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1

It may be a faulty tester, or a faulty ground. The tester relies on a wired ground to simulate the ground fault. In fact they won't work on ungrounded connections, and that's not a defect.


0

Trip time is not part of the specs for GFCIs or the test circuits, only the level, which is between 4 and 6mA of current that is NOT returning on the neutral. It could be that your handy tester is using a current limiting resistor inside to test the circuit that takes 3-5 seconds for the trip threshold to exceed that value. The test button on the GFCI ...


0

The easiest solution is to make every receptacle on the line a GFCI receptacle. That would require you to remove the circuit from the load side of the original GFCI and pigtail it to the circuit and install each receptacle on the line side. That will give you GFCI protection but if there is a trip it will only be for the equipment you have plugged in at that ...


1

Yeah, if you can find one. I've never noticed any GFCI breakers on the market that large, but other than that, your concept is sound. The only issue with putting a lot of stuff on a single GFCI breaker is sometimes, you can have enough devices each with a tiny amount of leakage to add up to enough to trip the GFCI. However that probably won't be an ...


4

Is there any benefit to tripping a GFCI receptacle when it's not in use? Does big current draw make GFCI outlets go bad? I'd say you're over-optimizing. You only need 1 GFCI outlet on a circuit, and it'll last about 10 years. That's around $2/year. That's if GFCI outlets degrade from simply being attached to power; the second linked question indicates ...


4

If the outlets serve a countertop then they need to be GFCI protected. The 6' distance you refer to is for sinks not installed in kitchens.


3

It sounds like, from the huge amount of discussion in the comments, that you have already expended enough energy on this to have been able to go to the store and buy the necessary tap. The tap you need will likely cost just a few US dollars. The tap size needed for US style electrical fixture mounting screws is #6 - 32 NC. You can even use the small tap ...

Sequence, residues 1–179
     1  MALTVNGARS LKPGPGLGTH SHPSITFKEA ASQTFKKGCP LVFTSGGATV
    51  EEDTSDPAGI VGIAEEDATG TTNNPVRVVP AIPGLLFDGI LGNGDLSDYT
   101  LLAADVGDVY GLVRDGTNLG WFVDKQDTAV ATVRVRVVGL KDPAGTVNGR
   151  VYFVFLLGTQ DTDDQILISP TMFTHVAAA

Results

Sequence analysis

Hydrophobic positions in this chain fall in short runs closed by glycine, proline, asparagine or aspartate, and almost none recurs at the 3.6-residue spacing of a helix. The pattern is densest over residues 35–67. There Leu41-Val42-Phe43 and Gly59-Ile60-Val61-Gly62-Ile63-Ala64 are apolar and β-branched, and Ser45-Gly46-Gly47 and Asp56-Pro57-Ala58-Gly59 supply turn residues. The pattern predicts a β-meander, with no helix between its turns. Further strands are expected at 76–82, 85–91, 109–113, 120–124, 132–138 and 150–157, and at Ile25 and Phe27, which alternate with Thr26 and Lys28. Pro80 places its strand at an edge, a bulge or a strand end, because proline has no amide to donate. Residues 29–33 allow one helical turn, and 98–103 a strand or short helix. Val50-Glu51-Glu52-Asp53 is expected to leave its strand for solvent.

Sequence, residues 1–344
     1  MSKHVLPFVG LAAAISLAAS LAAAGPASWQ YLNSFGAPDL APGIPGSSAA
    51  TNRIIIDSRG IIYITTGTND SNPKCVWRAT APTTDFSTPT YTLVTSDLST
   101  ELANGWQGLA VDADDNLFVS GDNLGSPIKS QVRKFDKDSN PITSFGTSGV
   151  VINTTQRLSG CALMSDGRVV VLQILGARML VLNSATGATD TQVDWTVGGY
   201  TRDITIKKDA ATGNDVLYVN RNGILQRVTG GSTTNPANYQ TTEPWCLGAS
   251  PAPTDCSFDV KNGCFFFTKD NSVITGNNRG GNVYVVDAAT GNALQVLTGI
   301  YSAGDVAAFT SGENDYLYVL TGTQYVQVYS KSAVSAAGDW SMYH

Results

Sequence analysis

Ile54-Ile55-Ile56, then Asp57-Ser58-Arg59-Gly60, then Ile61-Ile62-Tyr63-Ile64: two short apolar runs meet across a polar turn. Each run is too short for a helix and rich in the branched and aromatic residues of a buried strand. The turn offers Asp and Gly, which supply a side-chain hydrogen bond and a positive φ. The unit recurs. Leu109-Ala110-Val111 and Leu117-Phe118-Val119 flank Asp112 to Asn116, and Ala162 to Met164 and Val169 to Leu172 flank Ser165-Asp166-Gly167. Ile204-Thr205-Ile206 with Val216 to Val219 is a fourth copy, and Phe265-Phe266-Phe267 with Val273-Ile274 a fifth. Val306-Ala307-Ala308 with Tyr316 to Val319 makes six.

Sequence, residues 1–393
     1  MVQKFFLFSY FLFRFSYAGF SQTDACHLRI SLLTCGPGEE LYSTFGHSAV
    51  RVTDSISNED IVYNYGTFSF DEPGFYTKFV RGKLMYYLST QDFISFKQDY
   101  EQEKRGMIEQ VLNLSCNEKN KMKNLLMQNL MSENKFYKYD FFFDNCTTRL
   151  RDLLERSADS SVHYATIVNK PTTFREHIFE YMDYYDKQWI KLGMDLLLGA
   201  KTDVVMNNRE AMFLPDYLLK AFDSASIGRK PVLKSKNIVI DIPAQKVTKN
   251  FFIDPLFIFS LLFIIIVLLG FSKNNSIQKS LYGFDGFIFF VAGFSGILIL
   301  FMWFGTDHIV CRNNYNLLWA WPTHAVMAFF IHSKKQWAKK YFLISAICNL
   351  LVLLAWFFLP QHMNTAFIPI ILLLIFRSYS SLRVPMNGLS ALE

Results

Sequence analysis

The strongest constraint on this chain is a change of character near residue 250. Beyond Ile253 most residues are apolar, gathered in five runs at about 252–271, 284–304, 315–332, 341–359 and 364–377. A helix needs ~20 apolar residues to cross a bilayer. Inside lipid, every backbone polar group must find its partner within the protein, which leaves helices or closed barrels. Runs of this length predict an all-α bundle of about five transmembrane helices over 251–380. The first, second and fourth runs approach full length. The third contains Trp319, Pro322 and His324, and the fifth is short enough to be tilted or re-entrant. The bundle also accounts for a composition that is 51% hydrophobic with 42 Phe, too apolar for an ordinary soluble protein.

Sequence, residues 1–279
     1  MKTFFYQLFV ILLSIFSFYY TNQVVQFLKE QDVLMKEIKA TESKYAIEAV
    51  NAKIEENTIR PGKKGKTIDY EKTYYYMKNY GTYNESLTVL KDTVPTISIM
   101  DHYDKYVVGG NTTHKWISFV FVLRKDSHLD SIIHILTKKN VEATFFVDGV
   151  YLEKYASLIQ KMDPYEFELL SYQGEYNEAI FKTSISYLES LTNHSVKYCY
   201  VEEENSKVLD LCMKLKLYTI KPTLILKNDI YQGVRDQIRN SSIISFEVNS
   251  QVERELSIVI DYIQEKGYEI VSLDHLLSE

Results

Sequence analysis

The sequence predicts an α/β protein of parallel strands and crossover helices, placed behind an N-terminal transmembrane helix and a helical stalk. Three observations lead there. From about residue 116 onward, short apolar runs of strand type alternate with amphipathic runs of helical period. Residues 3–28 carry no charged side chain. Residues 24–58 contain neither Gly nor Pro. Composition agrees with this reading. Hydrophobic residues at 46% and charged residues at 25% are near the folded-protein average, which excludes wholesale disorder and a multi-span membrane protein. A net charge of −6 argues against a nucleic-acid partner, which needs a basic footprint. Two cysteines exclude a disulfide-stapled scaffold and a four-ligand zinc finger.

2

Remember you can just fit a GFCI upstream of here All GFCI devices have the ability to protect downline locations. So if you know where this outlet location is fed from, then you can simply fit the GFCI device there instead, and leave the receptacle as you found it or use a plain receptacle. I mention that because a lot of people don't think it's GFCI ...


3

You may just need a better support plate, like this one from Home Depot: "Mounting holes are pre-tapped to accept devices faster"


0

None of the outlets are grounded, so I don't know why this one would read differently. Most likely your first two outlets are grounded (though not necessarily in a reliable and code-compliant way). Even if there are no explicit ground wires boxes and devices can still be grounded through armored cables, metallic conduits etc. Anyway, does this matter? ...


4

In response to your question: DO NOT connect the two conductors together. Two things you need to pay attention to. First make sure that the conductors have not been painted over. In many cases the conductors appear to be the same color, but by scratching and scrapping the true color will become apparent. Second, because general house wiring is in NM and ...


2

Assuming that the outlet was working, then no, do not splice them together. One of the white wires must be the hot and the other neutral, despite them both being white. Find that would make me very nervous about the house wiring in general. Do you know if the house was previously owned by a tinkerer who might have added that outlet? Any idea who wired the ...


2

There is no issue in sharing the neutral as it is on the LOAD side of the GFCI. Bathrooms do have specific codes which is pretty technical. I'll try to sum it up: All receptacles within a residential bathroom must be GFCI protected. If only one bathroom is being fed by a single 20A circuit, the lights and other small appliances like exhaust fans may also ...


6

Generally speaking, you don't want to have a fan/light - or more specifically, a light - on GFCI because if the GFCI trips due to something else on the circuit then you are in the dark. As I understand it (I am not an electrician, but I have seen other questions on this topic and I heard this from my own electrician years ago when he installed heat/fan/light ...


0

did they wire the receptacles in series or parallel? if in series all it takes is one to fail and rest will stop or sounds like in this case the wire failed somewhere in between. if you have power at breaker and nothing at outlet definitely a broken wire either the hot leg or neutral


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